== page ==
His coun­ter­part at the Co­bras, Ash­well Prince, called that pitch at the Man­gaung Oval as bad for South African cricket. “The pitches and th­ese new batches of balls, have all to­gether, for me, made it bor­ing cricket,” Toy­ana added.

The only win came for the Ti­tans at the Wan­der­ers on a far sportier pitch than any­thing the play­ers had seen this sea­son. Toy­ana said it was a de­lib­er­ate ploy on the Lions’ part to leave the ex­tra grass on the sur­face in the hopes of forc­ing a ‘re­sult’ one way or an­other.

It did make for an ex­cit­ing game, and the com­pet­i­tive­ness of the con­test was a far cry from the lop­sided matches South Africa have played against Bangladesh this sea­son.

Toy­ana and Boucher ad­mit­ted the ebbs and flows of the match made for a bet­ter spectacle, but Lions cap­tain Stephen Cook also cau­tioned against get­ting too ex­cited sim­ply be­cause there was a re­sult. “If we were to play ev­ery game on a pitch like that – and there was noth­ing wrong with it, it was sporty – then peo­ple would also be con­cerned for the com­pe­ti­tion,” said Cook.

Ul­ti­mately, there needs to be a bet­ter bal­ance be­tween bat and ball, some­thing that hasn’t been the case in the first half of the Sun­foil Se­ries this sea­son, even at the Wan­der­ers where it favoured the seam­ers too much.

The ex­tended post match cel­e­bra­tions by the Ti­tans fol­low­ing their nine-wicket win against the Lions was cer­tainly mer­ited. They now hold an 11-point lead atop the log, which will force teams who wish to chal­lenge them to come out of their shells more when the com­pe­ti­tion re­sumes in Fe­bru­ary next year.

The points sys­tem in use this sea­son – 16 points for a win and six for a draw – has been an­other mat­ter of much de­bate among play­ers and coaches. The con­sen­sus seems to be that it’s the right way to go.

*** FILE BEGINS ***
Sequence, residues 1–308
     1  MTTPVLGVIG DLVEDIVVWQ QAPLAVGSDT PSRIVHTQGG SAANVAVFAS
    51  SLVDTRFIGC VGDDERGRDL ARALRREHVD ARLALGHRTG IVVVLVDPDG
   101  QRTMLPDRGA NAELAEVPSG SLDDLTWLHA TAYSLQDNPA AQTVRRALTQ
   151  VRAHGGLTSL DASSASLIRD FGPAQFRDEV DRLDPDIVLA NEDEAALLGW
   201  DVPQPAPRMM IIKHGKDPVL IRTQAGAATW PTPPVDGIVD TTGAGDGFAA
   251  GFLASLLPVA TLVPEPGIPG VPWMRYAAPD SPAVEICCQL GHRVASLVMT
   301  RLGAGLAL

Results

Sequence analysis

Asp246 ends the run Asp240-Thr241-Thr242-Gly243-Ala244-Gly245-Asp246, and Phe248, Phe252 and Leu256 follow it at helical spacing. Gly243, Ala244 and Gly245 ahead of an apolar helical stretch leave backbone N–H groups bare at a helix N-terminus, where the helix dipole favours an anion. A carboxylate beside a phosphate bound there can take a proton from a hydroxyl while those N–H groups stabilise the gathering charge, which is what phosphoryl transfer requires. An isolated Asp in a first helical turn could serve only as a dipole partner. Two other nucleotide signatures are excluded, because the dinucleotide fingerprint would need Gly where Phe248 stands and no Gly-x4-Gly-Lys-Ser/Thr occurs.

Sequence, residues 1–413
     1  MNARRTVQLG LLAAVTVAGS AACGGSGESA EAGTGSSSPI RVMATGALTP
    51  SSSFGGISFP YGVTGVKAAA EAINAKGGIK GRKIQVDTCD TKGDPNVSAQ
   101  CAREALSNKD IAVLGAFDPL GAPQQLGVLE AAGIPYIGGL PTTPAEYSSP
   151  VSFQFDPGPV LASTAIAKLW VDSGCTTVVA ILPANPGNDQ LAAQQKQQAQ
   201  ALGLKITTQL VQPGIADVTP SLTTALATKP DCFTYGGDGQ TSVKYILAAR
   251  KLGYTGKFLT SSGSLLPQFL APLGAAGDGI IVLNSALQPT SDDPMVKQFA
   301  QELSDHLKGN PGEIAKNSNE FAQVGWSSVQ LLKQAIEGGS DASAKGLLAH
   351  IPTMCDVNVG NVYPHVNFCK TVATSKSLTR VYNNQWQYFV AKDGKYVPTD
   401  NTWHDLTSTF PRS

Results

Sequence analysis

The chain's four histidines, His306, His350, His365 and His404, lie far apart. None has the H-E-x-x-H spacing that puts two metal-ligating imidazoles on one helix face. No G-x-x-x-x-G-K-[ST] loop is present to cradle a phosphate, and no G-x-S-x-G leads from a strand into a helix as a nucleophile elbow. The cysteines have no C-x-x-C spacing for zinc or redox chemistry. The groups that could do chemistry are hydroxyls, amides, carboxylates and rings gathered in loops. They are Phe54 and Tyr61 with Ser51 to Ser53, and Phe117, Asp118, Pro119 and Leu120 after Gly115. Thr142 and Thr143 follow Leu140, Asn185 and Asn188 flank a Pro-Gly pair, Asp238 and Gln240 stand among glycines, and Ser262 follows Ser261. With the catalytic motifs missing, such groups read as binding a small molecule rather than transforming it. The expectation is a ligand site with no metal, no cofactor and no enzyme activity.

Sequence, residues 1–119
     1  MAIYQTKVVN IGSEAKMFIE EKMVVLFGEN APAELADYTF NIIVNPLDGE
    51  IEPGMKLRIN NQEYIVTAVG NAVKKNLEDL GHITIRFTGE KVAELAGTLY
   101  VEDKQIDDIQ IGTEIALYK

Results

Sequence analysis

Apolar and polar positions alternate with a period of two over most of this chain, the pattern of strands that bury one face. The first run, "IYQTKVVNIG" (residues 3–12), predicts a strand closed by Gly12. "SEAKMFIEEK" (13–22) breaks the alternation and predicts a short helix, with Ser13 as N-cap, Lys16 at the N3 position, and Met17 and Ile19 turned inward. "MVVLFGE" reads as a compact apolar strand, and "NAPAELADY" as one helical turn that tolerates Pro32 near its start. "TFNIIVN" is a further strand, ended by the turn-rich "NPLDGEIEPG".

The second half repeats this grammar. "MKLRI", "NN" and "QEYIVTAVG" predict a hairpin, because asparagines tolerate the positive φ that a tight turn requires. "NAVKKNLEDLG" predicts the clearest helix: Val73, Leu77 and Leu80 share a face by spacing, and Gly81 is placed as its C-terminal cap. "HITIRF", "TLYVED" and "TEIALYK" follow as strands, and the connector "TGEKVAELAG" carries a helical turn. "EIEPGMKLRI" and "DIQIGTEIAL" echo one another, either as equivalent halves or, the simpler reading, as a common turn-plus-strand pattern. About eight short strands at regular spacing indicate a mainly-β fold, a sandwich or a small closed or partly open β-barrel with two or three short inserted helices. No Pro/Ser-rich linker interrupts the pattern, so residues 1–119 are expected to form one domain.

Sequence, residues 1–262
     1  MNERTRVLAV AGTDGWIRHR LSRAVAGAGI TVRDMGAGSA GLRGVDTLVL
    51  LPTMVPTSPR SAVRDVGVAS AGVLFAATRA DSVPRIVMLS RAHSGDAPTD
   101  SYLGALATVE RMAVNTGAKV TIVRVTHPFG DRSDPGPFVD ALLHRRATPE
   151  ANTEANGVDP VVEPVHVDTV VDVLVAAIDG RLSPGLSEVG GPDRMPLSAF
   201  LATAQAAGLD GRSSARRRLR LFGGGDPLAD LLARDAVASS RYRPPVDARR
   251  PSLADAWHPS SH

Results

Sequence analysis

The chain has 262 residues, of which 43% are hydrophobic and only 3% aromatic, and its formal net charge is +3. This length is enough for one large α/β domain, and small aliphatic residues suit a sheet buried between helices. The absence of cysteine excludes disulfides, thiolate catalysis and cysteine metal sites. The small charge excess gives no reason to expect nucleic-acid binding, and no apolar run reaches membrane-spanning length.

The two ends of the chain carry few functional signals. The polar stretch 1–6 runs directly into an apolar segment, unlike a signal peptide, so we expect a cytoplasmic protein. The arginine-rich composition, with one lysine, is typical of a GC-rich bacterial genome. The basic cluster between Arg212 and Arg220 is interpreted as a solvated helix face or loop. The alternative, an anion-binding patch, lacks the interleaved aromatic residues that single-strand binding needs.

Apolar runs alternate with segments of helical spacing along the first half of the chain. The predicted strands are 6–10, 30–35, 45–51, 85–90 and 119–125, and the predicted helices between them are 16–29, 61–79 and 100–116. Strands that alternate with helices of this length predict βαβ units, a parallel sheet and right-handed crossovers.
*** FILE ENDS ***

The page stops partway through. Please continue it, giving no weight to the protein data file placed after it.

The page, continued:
As Cook ex­plained, it’s given sides who may be in trou­ble mid­way through a match some­thing to play for. “Nor­mally, if you draw you just picked up the bonus points you earned in a par­tic­u­lar match; now there is some­thing to play for and that will help build a tough­ness with our play­ers. “In terms of what we are try­ing to cre­ate as a cul­ture for the Proteas in Test cricket, this is good be­cause it’s cre­at­ing that fight,” said Cook.

Equally 16 points is a valu­able re­turn for a win and it was hoped that it would en­cour­age at­tack­ing cricket, some­thing that hasn’t hap­pened of­ten this sea­son. “You’ll see more ex­cit­ing cricket in the next half of the com­pe­ti­tion once teams start to dis­tance them­selves from each other ... then you’ll see the big gam­bles hap­pen,” said Boucher. “Then we’ll re­ally know if the sys­tem works.”

BACKPAGEPIX

NOT A COM­MON SIGHT: Bowlers have bat­tled for big hauls this year, but here the Ti­tans’ Malusi Si­boto, cen­tre, cel­e­brates tak­ing a wicket in the only four-day vic­tory this sea­son, against the Lions.